In 2001, Obrafour -arguably the most popular rapper in Ghana then- released his second album, Asem Sebe. On this album was the very popular love song, Odo. On Odo, Obrafour was basically professing his profound love for a certain Yaayaa Serwaa- a black woman, undoubtedly. (I would say ‘arguably’, but the video clarifies things.) In 2015, Sarkodie released his fourth album, Mary, and one of the numerous love songs on this album was ‘Always on my Mind’ (which incidentally featured Obrafour) and on it, Sark too was expressing his deep love for a black woman named Abena Amponsah. These two songs have a very curious and interesting thing in common: the rappers referring to these (black) love interests of theirs as white people, as a form of extollation and as terms of endearment- so we had Obrafour calling Yaayaa his ‘white person’-mi broni, and Sarkodie calling Abena a ‘black-white person’- tuntum broni.
In attempting to make a case for this very worrying situation, someone once responded to these observations saying something like, “perhaps, they’re only using the (o)broni term figuratively,” and i retorted, “that is exactly the problem.”
That whiteness has to be called upon to validate the beauty of a black woman. That whiteness has to be the standard, the default, the epitome when we’re talking about beauty and admiration. That a beautiful black woman can’t be just that -a beautiful black woman- without being referred to as a ‘(black)-white’ person.
The fact of the matter is that this most unfortunate phenomenon (synonym) is deeply rooted in colourism, and much deeper in the colonial experience. Simply, it is the reflection of a colonial mentality to have Africans feel the need to use phrases such as “mi broni” and “tuntum broni”
to extol their love interests, who’re obviously African. After all, wasn’t it during the colonial experience that we were taught that everything ‘white’ was aspirational, admirable, to be desired, and everything ‘black’ on the other hand, disdainful, repulsive and to be abhorred?
This colourist “broni” business is of course, not limited to rap-in fact, it is much more prevalent in highlife music. It is not even limited to the music scene, but actually spread across our whole society. (Isn’t our music generally reflective of our society?) But for the purposes of this blog, the focus will be on rap/hip hop music in Ghana.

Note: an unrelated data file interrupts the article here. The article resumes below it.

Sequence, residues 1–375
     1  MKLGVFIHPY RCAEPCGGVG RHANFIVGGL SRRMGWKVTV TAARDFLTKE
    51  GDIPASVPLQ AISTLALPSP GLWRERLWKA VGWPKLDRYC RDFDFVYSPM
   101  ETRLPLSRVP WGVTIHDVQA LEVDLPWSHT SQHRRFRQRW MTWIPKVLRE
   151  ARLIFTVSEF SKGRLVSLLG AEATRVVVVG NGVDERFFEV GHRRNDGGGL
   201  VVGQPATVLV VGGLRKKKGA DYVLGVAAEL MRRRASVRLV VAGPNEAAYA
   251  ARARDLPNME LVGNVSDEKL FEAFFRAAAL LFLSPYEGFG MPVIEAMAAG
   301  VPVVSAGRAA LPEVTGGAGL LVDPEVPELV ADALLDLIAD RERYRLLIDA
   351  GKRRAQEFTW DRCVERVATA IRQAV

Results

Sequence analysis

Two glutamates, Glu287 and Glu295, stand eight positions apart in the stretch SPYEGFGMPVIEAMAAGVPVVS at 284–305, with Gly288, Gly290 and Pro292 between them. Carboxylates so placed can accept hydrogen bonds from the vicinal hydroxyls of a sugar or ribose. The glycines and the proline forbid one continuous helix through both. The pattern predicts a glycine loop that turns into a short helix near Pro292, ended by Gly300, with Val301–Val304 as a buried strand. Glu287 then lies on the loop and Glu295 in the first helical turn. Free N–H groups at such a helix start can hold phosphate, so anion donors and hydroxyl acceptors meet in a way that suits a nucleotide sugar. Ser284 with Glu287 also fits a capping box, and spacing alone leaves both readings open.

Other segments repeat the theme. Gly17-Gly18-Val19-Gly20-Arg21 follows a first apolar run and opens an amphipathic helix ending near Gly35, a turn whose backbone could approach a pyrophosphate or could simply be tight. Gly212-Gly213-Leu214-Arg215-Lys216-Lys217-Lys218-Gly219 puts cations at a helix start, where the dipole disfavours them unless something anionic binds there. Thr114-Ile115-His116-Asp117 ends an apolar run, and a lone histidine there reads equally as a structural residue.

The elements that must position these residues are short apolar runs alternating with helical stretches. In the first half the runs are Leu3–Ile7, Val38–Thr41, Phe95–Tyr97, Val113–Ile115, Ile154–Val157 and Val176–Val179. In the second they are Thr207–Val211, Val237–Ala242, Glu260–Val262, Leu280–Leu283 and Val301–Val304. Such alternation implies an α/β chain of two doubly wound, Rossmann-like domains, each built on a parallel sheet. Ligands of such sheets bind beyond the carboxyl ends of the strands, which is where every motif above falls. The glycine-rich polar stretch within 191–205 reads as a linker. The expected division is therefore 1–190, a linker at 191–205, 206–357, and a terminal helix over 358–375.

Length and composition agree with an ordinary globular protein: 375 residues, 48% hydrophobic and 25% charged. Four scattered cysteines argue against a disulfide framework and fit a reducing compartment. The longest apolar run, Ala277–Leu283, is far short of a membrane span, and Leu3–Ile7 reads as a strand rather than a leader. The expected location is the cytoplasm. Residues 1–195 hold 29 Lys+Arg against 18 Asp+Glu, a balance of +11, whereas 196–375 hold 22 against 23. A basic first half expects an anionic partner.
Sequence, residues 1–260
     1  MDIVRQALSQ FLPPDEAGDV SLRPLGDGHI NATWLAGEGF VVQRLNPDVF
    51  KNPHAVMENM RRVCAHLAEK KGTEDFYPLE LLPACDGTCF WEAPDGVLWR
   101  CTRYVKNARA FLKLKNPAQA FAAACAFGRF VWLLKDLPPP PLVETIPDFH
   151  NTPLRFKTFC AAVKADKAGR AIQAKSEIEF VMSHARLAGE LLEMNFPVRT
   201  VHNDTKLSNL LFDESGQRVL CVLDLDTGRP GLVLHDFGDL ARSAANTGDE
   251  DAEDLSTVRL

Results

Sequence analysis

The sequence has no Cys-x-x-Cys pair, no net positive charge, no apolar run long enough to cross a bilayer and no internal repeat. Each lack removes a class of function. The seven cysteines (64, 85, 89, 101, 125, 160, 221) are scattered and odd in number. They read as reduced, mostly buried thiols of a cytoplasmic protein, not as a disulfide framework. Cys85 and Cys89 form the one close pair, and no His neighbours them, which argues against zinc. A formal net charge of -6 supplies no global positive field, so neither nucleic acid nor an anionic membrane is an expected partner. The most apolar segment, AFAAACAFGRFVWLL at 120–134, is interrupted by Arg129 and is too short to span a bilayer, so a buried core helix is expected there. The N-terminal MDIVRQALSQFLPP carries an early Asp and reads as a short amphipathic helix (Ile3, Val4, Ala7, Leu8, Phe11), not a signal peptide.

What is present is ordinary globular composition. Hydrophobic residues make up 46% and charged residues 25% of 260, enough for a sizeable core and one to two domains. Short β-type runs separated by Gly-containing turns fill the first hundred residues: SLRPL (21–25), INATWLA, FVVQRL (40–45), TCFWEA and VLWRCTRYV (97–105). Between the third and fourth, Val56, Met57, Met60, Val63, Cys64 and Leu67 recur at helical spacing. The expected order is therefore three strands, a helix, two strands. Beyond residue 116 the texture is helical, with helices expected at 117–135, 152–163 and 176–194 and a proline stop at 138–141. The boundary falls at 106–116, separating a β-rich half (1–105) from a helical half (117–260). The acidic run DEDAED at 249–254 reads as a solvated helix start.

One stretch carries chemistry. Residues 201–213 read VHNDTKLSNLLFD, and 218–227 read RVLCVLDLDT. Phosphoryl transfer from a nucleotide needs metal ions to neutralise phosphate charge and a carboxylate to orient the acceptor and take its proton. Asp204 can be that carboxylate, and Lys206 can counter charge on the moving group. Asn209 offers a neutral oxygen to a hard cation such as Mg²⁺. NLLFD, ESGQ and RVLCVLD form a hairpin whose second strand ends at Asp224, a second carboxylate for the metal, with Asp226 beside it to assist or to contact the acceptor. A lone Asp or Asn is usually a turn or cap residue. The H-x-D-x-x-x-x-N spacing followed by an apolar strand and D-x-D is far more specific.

In decrying this mentality that breeds acts such as skin bleaching, most of our rappers, in their token ‘conscious’ songs, often miss the mark.
In an industry whose (biggest) voices still use such anti-black(skin) terms such as tuntum broni, in an industry where we’re most likely to have have light skinned women featuring in music videos, where musicians feel the need to brag about the fact that the woman they dating is biracial, in an industry that basically suggests that ‘the lighter, the better’-and therefore reinforces colourist ideals, you do not go about barking at people who bleach their skins. However well-intentioned these efforts may be, there is nothing conscious about attacking people who in this case, bleach their skins. A deeper look at it though, would reveal something ahistorical and hypocritical, and everything unconscious, about it all.
If artistes feel the need to make socially conscious and progressive songs (which is a very laudable thing), it is imperative that they educate themselves and also attack, instead of victims, the underlying ideas or structures that lead to whatever malaise within society they’re disgusted at. Unconsciously being part of a problem you cry against, is not cool. Neither is victim blaming.
In ‘Anthills of The Svannah,’ the late Chinua Achebe wrote a womderful proverb says that “if you want to get to the root of murder, you have to look for the blacksmith who made the matchet.”
(Note: the last two photos are stills from this brilliant short film that explores colourism. Highly recommended.)
By: Moshood Balogun